"Washington's club circuit is so incredibly separated that there really isn't a dialogue between the gogo bands who play the black circuit and the hard-core and new wave bands from the white circuit," says Kenny Muschenheim of the Static Disruptors. So he's organized the first "two-tone jam" at the Wilson Center next Saturday; it will feature the Disruptors, Scream, Michael Enkrumah and the Israelites, E.N.B. and Body Count. "It's a suggestion for a dialogue. And all of the bands are interracial," Muschenheim explains. His own group, which started out new wave, is now a "biracial go-go band playing music of the black circuit."

Washington has become a breeding ground for two styles of youth music: hard core punk on one side, gogo on the other. Gogo is youth funk, heavy on percussion, raps and synthesized sound effects. "It has that continuous beat, with its primary purveyors being Trouble Funk, Experience Unlimited and Rare Essence," says Muschenheim. "It's totally youth oriented. Black adults usually scoff at it as jungle music with sound effects. They don't feel it has any musical context." Reaction at several blacks clubs the Disruptors appeared at was mostly curious, Muschenheim says. "People hadn't seen white musicians playing that kind of black music before."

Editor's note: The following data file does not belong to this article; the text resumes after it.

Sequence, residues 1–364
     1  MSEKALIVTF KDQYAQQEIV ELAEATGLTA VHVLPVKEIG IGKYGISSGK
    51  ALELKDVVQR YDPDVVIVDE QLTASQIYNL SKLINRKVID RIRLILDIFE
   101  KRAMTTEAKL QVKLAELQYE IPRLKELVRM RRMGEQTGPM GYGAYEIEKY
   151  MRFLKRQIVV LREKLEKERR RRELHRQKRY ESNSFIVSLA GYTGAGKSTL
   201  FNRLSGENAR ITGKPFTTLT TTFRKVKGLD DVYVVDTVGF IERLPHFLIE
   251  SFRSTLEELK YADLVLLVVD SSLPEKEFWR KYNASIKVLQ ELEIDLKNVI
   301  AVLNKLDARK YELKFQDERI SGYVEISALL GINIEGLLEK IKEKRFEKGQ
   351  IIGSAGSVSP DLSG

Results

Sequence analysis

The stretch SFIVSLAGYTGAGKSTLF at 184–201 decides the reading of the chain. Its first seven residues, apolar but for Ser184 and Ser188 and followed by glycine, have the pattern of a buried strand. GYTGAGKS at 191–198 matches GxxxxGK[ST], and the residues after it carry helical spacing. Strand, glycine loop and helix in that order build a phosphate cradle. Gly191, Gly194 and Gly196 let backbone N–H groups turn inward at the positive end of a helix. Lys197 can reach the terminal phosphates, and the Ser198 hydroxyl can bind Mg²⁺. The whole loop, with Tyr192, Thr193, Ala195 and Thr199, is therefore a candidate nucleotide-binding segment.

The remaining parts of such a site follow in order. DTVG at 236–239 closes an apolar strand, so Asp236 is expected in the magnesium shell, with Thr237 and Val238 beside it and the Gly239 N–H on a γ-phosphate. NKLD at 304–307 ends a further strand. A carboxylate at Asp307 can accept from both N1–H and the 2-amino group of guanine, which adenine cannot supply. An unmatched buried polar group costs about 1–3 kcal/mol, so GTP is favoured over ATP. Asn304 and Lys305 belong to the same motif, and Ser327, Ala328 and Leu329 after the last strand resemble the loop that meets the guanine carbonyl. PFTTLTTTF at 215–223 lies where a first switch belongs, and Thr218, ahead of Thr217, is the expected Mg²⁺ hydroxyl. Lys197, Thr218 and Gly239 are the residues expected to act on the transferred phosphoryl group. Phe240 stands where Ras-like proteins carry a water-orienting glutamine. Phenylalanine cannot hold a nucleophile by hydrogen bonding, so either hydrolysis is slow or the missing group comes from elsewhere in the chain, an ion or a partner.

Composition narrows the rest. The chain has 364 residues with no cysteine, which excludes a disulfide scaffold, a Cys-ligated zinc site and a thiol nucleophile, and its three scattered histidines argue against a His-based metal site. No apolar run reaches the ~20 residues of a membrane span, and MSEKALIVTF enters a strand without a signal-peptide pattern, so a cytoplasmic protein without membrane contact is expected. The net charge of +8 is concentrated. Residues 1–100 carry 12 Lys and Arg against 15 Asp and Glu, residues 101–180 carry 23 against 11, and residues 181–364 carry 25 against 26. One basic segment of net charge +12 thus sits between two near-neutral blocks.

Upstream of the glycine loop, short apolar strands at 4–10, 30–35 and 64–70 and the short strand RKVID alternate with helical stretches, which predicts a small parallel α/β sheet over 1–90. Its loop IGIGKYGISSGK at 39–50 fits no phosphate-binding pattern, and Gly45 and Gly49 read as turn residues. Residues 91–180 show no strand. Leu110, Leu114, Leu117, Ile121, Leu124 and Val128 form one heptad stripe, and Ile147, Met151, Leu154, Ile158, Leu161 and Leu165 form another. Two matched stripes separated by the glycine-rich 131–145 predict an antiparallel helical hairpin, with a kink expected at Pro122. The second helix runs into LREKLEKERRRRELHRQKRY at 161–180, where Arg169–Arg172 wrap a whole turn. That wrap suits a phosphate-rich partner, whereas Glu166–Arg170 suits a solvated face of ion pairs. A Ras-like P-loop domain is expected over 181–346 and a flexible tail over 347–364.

Scream, one of the city's top hard-core bands, is two-tone (the term comes from Britain, where bi-racial bands are fairly common), as are E.N.B. and Body Count. The Israelites are "an all-black reggae band that's into a bit of rock experimentation. We just want to present a seamlessness to the youth music scene."

The Wilson Center, at 15th and Irving streets NW, is a large room in the basement of a church, with what Muschenheim describes as "a tolerance to putting on any kind of show."